North Louisiana architectural firms receive top honors in 2018 AIA LA design competition

Architecture firms in north Louisiana won four awards in the prestigious annual design competition conducted by the American Institute of Architects Louisiana Chapter (AIA LA).

The ARCH 335 Design | Build Studio Louisiana Tech University School of Design in Ruston received one of only seven Honor Awards given, plus the Members’ Choice Award, for the Pisces Bridge project at Camp Alabama in Choudrant in the architecture category.

The innovative 340-foot floating bridge and shade structure across Lake Alabama connected Camp Alabama’s two sides and reduced the distance between activities for children with mental and physical disabilities who attend summer MedCamps there, and for others who use the facility. Named for the mythological figure of two connected fish, the project enhanced access to fishing with features such as rod holders, lowered guard rail sections and gated fishing jetties. The design also incorporated reclaimed 55-gallon barrels and discarded steel rods from area oil and gas operations.

COE Architecture International of Shreveport received two of nine Awards of Merit: one for The Marke at South Coast Metro in Santa Ana, California, in the architecture category; and another for Aqua Sports & Spa in Tokyo, Japan, in the interior architecture category.

The Marke at South Coast Metro – an inventive multi-family infill development with 300 apartment units in three buildings – was built on a four-acre site in a suburban California office park rezoned to allow mixed uses. The project featured a one-acre deck with upscale amenities atop a five-story parking garage, plus large courtyards and multiple walkways to connect the disparate neighborhood. It skillfully utilized strong building forms of varied height, length and shape and bold color, pattern and texture to bridge vast scale differences between large office buildings and nearby single family homes.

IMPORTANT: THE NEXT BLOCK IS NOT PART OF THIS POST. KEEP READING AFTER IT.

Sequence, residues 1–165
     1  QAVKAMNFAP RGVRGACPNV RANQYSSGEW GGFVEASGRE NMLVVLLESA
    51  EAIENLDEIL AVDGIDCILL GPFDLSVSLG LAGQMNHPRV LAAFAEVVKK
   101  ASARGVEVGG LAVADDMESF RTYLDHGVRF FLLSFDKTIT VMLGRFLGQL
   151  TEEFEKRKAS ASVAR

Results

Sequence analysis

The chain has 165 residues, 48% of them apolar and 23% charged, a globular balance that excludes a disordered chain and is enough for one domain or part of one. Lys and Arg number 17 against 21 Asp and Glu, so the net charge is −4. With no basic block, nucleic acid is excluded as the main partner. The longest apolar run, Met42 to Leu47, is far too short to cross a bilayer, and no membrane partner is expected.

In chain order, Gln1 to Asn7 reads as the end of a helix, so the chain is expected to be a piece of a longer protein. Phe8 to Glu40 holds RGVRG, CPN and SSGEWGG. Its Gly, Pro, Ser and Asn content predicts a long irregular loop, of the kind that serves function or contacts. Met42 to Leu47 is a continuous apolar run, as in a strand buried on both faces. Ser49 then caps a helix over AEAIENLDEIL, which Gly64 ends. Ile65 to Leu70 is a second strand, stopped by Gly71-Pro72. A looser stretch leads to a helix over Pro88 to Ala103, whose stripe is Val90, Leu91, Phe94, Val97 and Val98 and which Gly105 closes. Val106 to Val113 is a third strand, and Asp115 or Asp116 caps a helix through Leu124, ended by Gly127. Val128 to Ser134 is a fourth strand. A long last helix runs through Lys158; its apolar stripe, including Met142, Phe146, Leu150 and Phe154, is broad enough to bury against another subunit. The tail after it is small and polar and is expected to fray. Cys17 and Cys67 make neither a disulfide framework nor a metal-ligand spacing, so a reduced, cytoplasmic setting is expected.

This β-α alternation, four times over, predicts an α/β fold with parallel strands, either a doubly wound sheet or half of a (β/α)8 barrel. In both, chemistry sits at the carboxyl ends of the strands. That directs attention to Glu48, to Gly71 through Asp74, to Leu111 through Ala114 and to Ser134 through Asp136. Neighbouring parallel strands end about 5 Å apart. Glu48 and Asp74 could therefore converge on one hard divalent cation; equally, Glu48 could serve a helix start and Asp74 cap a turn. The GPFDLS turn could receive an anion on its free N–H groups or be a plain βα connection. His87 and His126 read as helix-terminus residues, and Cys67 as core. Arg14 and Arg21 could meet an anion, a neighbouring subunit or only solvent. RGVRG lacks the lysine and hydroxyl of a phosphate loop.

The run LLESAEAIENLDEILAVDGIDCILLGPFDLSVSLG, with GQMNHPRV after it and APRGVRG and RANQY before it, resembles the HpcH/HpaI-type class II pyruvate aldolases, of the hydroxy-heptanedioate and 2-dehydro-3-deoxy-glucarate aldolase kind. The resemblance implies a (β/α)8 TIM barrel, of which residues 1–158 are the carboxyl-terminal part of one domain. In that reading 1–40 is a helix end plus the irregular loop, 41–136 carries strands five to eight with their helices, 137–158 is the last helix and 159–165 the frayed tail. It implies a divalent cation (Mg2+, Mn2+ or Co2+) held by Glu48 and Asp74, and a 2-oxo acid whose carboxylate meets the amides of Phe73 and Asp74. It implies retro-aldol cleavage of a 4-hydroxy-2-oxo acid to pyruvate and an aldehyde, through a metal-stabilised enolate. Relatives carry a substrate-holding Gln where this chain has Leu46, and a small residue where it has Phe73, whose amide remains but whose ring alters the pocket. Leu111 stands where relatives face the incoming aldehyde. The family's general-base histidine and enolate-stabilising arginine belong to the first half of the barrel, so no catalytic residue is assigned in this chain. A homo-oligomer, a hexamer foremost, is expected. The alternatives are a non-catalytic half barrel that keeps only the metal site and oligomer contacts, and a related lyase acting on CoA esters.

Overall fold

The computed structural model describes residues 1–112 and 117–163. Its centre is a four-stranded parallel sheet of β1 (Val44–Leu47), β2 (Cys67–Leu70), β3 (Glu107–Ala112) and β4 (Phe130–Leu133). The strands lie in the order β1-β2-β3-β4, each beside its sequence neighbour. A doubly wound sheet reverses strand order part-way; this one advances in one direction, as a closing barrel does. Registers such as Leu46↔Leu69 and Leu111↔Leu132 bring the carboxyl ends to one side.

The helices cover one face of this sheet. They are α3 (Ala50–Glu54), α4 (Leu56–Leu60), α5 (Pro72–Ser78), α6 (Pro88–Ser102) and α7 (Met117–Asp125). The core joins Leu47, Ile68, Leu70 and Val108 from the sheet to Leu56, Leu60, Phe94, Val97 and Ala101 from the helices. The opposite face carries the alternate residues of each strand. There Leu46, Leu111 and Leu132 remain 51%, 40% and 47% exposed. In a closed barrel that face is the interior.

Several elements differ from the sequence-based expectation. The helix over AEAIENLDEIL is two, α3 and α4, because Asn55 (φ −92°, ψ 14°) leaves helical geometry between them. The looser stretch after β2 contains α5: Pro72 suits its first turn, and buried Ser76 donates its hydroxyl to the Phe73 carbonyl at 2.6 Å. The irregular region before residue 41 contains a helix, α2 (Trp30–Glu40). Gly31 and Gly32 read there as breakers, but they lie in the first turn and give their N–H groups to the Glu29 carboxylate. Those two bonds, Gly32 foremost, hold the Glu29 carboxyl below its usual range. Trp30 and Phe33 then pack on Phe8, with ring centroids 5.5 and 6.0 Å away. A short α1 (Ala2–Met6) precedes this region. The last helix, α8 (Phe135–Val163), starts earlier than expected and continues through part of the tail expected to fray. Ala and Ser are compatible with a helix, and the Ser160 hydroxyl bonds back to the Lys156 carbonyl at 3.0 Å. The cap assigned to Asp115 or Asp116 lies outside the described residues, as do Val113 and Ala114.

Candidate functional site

Aqua Sports & Spa, a private wellness club, was a modern reinvention of a traditional Japanese public bathhouse, continuing to provide a hygienic function and serve as a neighborhood social hub. The project linked various unique, function-oriented spaces via sophisticated, modern design elements that are also cost-effective and sustainable. In sharp contrast to busy, chaotic Tokyo outside, the entire interior of the serene, transparent and welcoming structure was designed to reflect calmness and refinement and support high-level personal service that bridged the wide gap between a utilitarian fitness club and a luxury resort.

A nationally recognized panel of judges selected 16 winning projects for 2018 from 73 entries in seven categories, submitted by architects across the state. Award recipients were honored September 27 at the AIA LA 75th anniversary gala on at the National World War II Museum in New Orleans.